Screenwriters Joel and Ethan Coen have Oscars on the mantelpiece for Fargo and No Country For Old Men, and leading man Colin Firth deservedly collected a golden statuette for his exemplary work in The King’s Speech.
With so much talent in front of and behind the camera, what could possibly go wrong? Everything, it seems, because Hoffman’s reworking is an unmitigated mess.
Mild-mannered art curator Harry Deane (Firth) grows tired of the constant bullying of his obscenely wealthy boss, Lord Lionel Shabandar (Alan Rickman).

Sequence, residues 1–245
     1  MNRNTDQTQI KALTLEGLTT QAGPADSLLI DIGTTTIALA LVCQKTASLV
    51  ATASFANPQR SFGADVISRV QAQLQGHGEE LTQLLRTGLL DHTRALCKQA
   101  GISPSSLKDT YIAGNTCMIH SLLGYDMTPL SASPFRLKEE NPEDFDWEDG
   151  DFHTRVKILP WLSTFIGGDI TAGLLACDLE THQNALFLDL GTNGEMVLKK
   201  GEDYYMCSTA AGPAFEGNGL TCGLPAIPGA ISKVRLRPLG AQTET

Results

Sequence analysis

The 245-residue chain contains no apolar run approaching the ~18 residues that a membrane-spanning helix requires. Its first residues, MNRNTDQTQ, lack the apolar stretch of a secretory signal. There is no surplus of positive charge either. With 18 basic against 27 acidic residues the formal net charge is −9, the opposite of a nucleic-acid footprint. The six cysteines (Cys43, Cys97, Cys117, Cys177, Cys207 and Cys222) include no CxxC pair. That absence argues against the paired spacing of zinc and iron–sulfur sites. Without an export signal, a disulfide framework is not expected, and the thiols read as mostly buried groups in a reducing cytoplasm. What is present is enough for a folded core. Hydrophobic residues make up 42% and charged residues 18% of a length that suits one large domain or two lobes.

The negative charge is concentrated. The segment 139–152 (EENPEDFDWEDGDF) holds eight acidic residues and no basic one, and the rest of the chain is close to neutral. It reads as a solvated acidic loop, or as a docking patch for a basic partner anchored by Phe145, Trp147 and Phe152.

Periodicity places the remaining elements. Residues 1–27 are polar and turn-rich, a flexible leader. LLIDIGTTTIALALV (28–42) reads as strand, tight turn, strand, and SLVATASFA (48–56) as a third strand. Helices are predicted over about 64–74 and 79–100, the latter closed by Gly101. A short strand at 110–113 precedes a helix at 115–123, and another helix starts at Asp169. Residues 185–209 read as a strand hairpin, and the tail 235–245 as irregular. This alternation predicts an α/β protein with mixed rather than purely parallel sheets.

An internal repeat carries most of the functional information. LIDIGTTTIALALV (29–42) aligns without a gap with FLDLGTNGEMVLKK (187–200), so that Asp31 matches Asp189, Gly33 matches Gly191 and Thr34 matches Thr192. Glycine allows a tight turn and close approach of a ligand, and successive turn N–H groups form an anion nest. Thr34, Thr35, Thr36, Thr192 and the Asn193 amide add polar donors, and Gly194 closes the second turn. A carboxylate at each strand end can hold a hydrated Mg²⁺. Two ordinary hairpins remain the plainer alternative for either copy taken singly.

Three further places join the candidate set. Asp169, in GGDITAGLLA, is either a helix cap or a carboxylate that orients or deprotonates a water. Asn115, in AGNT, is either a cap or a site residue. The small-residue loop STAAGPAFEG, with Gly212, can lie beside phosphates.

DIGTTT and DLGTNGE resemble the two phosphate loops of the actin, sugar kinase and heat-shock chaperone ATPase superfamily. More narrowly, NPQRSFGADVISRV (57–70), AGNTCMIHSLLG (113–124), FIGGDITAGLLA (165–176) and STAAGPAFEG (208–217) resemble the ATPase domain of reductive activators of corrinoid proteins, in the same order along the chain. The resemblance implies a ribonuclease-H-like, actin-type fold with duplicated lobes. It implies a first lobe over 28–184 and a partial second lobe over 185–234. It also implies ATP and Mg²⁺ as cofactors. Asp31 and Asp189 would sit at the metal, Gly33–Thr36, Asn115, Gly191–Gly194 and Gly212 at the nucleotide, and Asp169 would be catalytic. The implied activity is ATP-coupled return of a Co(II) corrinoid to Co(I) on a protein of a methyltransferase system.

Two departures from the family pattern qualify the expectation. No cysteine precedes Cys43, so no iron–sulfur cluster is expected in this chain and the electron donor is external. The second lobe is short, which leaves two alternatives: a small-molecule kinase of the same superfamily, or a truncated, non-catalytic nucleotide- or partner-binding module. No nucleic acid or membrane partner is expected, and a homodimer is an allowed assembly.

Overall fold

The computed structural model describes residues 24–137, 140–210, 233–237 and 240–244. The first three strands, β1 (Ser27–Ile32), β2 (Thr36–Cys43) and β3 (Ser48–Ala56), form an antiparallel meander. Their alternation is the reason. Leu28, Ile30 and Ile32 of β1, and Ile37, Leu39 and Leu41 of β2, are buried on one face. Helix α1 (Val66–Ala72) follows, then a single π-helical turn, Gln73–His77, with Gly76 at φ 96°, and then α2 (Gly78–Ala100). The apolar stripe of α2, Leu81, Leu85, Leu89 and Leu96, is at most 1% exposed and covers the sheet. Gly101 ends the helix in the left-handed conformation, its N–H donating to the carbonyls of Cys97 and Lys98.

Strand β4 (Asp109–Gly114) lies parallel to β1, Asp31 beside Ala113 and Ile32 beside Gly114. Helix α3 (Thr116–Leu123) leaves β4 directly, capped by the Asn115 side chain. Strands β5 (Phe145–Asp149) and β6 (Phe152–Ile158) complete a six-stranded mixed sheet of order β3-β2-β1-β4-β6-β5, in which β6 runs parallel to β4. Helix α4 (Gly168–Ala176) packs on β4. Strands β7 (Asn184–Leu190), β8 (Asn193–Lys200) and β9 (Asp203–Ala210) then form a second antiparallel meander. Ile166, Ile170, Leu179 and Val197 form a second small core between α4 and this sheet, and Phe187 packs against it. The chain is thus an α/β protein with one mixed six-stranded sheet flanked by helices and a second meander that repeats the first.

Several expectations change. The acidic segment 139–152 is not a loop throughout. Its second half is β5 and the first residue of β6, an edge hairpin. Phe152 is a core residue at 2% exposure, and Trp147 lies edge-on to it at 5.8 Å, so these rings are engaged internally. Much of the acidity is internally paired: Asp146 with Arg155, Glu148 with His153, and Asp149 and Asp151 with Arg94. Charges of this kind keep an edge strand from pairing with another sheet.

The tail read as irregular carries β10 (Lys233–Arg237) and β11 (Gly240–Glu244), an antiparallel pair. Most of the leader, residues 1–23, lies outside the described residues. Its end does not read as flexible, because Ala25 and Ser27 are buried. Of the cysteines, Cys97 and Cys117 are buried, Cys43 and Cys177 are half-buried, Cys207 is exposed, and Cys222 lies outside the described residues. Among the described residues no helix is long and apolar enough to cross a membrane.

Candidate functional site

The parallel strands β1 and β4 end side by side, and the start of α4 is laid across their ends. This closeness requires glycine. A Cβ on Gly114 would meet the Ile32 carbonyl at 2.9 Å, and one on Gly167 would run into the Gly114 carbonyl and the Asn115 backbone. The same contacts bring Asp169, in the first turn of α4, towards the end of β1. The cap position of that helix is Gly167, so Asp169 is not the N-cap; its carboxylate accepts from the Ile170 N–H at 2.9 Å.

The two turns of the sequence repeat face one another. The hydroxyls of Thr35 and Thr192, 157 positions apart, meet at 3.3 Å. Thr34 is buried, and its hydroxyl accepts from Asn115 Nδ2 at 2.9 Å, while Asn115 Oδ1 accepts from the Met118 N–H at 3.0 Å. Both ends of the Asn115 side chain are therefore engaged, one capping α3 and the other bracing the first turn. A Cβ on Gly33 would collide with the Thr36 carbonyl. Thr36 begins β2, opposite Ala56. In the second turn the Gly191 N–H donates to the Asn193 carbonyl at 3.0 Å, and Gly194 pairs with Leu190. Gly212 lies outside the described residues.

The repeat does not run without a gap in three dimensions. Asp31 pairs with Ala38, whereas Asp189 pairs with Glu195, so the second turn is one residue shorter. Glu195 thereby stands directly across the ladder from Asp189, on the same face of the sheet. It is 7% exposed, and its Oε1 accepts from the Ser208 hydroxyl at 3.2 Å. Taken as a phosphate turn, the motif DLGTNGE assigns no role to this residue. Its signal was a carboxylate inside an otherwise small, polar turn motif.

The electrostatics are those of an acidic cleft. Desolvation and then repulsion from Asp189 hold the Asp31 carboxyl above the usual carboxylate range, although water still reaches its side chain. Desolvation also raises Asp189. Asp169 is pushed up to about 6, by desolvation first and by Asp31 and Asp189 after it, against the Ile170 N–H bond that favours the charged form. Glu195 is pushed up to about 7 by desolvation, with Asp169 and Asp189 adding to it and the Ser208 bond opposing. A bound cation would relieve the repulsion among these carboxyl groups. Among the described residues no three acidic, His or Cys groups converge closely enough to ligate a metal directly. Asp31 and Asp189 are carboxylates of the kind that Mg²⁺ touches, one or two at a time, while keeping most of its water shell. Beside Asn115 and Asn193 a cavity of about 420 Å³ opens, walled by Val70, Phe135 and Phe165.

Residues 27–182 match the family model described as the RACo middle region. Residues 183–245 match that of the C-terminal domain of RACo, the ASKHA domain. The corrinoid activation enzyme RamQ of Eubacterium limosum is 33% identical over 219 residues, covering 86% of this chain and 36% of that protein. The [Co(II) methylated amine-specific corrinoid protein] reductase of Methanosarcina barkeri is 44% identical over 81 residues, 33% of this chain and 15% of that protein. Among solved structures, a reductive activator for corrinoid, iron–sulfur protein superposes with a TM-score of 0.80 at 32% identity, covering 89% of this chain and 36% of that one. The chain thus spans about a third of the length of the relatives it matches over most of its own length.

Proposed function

So he concocts an elaborate swindle to teach his employer a lesson.
W ith the help of loyal friend and forger The Major (Courtenay), Harry travels to Texas to befriend rodeo queen PJ Puznowski (Cameron Diaz) and her tobacco-spittin’ grandma (Cloris Leachman).
Harry asks the blonde beauty to pose as the owner of a priceless Monet called Haystacks At Dusk, which Shabandar is desperate to acquire as a companion canvas to the other Haystacks in his private collection.
We laugh out of pity and embarrassment at the script.